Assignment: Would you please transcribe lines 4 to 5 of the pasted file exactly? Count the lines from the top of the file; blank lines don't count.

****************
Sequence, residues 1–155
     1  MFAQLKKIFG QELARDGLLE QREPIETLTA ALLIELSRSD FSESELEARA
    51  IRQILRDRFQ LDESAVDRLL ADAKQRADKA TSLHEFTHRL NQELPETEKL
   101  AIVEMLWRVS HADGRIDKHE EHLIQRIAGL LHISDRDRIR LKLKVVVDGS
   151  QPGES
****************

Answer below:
   101  AIVEMLWRVS HADGRIDKHE EHLIQRIAGL LHISDRDRIR LKLKVVVDGS
   151  QPGES